Why is this important?  What is the difference between awareness and guilt?  What does awareness do for us?  Being aware of what privileges you take for granted gives you a moment to be grateful, of course.  But more importantly it is an opportunity to exercise tolerance.  Knowing how much goes into being able to do something as delightful and beneficial to myself and to society as biking to work, I find myself less judgmental of people in cars.  Sure, I wish more of these fools would just use their damn legs to get around, and I wish they’d be more considerate to me while I share the road with them, but even as I judge them I catch myself wondering what I’m missing.

I find that rather than being pleased with myself for pedaling to work I am instead profoundly grateful for all the little circumstances that make it possible for me to travel about town as I do.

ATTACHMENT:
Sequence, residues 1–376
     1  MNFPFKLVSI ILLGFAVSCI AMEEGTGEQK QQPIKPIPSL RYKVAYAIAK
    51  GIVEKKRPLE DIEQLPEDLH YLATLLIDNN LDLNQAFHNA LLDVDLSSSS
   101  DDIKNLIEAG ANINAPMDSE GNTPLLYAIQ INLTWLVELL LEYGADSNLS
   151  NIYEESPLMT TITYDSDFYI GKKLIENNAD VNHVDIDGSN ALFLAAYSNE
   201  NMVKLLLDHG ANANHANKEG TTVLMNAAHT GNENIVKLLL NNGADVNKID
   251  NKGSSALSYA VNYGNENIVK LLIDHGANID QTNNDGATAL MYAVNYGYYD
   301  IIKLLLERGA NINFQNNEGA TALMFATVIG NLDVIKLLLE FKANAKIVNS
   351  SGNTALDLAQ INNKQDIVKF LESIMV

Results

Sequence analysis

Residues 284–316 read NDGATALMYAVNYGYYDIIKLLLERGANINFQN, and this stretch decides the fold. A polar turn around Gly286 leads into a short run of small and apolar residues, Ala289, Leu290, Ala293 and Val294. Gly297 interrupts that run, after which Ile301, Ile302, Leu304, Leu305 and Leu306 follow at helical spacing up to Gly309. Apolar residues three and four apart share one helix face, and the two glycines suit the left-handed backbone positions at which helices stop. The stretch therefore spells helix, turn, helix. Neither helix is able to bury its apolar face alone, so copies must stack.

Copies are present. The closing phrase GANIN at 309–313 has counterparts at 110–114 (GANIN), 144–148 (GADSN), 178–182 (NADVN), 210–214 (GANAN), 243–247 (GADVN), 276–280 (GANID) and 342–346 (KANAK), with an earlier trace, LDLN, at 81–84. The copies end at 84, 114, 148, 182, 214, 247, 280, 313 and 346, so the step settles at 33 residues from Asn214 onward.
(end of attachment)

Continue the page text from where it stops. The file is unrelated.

4 responses to “Understanding privilege

  1. Linda Fitzgerald

    It’s hard to not feel guilty about having advantages others don’t have, but it is important to recognize them as advantages and be grateful. The simplest things like safe neighborhoods, clean running water, a job where you get vacation time and health insurance, a choice in what to do with your life, are not universally shared. One thing we can do is vote for the politicians most likely to promote those advantages for all. Vote Obama!!

    • Nice political plug, madre :o). I think all sorts of community involvement are important; voting yes of course every 2-4 years, but also the myriad ways of more regular participation. The more advantages you have the easier it is to sequester yourself away from the rest of society, shielding yourself both from inconvenience and from awareness of other people’s problems.

      The bike example works here too. On a bike, you can’t roll up the windows and turn on the A/C. You are out in the world with the sights, smells, sounds, and general interference of all those other people.